Vasopressin Versus Epinephrine in PEA Cardiac Arrest

Street Science


 
 

Keith Wesley | | Wednesday, June 27, 2007


Review of: Little CM, Marietta MH, Peng K, et al: "Vasopressin alone or with epinephrine may be superior to epinephrine in a clinically relevant porcine model of pulseless electrical activity cardiac arrest." American Journal of Emergency Medicine. 24(7):810-814, 2006.

The Science

This study examines the effect of vasopressin alone, epinephrine alone and the combination of vasopressin and epinephrine on several clinical parameters of pigs with PEA following cardiac arrest.

The primary outcome variable was coronary artery perfusion pressure and atrial filling pressures. Survival was not measured because of the limited number of pigs they had to work with.

The combination of the two drugs resulted in significantly higher coronary artery pressures, which is postulated to result in improved coronary perfusion and subsequently higher cardiac arrest survival. Interestingly, those patients that failed to respond to epinephrine alone had a significant response to the subsequent administration of vasopressin.

The Street

The 2005 guidelines further extended the role of vasopressin by including it in the treatment of asystole in place of epinephrine. It had been placed in the V-fib/V-tach algorithm in the 2005 guidelines. The idea was that the two agents were interchangeable.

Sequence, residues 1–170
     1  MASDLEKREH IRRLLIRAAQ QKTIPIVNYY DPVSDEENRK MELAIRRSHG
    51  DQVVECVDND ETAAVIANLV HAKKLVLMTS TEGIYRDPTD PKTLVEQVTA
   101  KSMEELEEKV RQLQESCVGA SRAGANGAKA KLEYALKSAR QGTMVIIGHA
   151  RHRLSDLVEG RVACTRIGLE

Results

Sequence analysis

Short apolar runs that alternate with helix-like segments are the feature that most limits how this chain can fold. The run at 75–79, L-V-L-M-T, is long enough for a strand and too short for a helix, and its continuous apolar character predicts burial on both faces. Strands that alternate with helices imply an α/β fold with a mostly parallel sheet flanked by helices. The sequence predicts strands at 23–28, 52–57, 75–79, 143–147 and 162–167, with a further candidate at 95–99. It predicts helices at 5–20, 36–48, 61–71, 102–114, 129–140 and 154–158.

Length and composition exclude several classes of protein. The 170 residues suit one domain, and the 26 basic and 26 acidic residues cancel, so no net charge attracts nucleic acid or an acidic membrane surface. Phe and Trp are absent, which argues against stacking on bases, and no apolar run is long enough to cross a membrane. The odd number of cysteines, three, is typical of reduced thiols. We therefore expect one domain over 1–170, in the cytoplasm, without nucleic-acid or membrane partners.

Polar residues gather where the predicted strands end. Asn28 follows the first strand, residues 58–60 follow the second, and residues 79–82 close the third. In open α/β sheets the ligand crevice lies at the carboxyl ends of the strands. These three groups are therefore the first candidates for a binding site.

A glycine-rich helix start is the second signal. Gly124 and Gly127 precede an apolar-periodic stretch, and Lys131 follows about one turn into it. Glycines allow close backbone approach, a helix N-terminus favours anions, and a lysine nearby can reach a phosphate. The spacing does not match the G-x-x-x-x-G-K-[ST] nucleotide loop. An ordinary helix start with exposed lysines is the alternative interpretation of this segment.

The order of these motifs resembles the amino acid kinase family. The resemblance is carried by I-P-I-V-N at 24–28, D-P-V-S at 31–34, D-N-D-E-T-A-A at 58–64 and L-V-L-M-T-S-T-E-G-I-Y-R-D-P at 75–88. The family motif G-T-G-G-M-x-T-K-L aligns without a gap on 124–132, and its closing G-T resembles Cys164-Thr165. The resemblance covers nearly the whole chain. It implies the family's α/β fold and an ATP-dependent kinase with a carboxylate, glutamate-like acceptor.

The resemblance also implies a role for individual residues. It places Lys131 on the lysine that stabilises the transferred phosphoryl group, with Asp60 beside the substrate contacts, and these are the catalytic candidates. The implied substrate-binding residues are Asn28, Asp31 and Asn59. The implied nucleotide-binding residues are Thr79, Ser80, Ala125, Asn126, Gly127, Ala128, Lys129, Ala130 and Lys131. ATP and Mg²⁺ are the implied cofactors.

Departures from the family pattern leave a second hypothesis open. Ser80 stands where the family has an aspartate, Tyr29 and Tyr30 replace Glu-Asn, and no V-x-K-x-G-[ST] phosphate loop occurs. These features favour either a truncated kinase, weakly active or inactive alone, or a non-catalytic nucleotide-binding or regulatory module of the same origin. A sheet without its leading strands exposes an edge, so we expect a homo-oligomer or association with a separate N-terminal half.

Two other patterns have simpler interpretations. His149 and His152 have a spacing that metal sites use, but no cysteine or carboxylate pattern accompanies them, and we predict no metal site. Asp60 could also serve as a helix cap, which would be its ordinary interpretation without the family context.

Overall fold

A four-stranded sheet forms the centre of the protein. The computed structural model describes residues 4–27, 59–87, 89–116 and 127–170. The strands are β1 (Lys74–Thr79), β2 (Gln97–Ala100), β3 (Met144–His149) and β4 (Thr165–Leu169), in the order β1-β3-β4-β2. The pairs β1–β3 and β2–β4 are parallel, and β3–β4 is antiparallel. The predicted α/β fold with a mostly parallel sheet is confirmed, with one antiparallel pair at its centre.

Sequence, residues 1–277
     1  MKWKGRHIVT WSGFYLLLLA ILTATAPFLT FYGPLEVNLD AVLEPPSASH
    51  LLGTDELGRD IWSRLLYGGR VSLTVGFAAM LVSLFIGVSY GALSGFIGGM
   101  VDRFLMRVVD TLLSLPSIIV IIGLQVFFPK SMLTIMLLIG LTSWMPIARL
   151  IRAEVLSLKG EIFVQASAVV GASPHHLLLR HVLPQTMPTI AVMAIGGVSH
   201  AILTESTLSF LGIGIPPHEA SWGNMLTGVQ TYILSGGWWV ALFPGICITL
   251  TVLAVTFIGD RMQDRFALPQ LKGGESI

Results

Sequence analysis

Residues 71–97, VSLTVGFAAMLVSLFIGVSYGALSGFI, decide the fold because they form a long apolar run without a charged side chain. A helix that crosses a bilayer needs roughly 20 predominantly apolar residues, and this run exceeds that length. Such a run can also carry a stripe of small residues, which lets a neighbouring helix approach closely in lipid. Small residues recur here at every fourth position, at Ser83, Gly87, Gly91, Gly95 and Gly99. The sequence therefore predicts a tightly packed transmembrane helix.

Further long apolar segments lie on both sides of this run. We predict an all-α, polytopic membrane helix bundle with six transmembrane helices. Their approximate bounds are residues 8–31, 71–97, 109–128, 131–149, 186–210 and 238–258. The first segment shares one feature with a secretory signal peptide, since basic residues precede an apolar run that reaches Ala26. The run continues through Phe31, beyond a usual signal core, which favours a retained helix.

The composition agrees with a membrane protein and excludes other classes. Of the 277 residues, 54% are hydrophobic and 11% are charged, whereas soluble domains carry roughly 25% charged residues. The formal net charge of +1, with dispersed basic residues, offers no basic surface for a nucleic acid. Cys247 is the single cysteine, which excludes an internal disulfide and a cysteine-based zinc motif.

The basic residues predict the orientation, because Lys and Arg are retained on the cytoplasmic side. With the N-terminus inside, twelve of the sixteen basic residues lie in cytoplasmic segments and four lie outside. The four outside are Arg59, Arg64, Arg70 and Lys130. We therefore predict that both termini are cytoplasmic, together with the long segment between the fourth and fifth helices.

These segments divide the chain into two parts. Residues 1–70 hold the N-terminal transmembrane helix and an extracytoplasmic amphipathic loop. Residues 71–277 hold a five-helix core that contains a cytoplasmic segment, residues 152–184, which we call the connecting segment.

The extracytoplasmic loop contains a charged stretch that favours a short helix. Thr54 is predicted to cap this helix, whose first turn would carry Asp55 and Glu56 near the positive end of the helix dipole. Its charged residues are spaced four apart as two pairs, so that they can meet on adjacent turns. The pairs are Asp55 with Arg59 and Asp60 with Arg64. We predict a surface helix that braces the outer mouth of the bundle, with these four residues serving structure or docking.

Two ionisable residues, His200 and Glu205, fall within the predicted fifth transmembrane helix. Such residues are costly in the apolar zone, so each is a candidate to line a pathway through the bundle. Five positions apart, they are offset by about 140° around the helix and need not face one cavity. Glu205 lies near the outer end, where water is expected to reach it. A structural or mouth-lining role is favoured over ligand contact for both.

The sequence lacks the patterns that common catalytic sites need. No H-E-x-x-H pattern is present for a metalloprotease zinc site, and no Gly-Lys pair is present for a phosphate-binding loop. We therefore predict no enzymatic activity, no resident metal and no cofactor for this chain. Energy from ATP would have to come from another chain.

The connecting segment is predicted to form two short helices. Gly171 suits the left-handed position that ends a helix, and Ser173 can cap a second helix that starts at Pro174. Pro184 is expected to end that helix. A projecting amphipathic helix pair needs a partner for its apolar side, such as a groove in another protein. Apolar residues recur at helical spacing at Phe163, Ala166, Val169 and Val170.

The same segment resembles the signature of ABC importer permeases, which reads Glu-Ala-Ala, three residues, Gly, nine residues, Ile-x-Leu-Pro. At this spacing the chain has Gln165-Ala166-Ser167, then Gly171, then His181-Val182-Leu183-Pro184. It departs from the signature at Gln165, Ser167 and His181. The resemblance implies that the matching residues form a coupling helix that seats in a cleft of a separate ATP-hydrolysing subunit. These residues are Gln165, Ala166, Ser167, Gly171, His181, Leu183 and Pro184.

However, further research indicates that the clinical effects of epinephrine and vasopressin differ in how they work by stimulating different receptors in the vasculature. European studies have shown that vasopressin significantly increases coronary artery pressure and therefore might improve the outcomes in cardiac arrest. No one had looked at using vasopressin as a pressor agent in the context of pulse-less electrical activity (PEA).

One of the postulated advantages of vasopressin over epinephrine is that epinephrine increases myocardial oxygen consumption and therefore would lead to worsening cardiac function. Vasopressin appears to exert more of an effect on the vasculature, resulting in higher aortic and coronary artery pressures. I suspect that this and similar research may lead to changes in the PEA algorithm.




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Related Topics: Cardiac and Circulation, Medical Emergencies, Research

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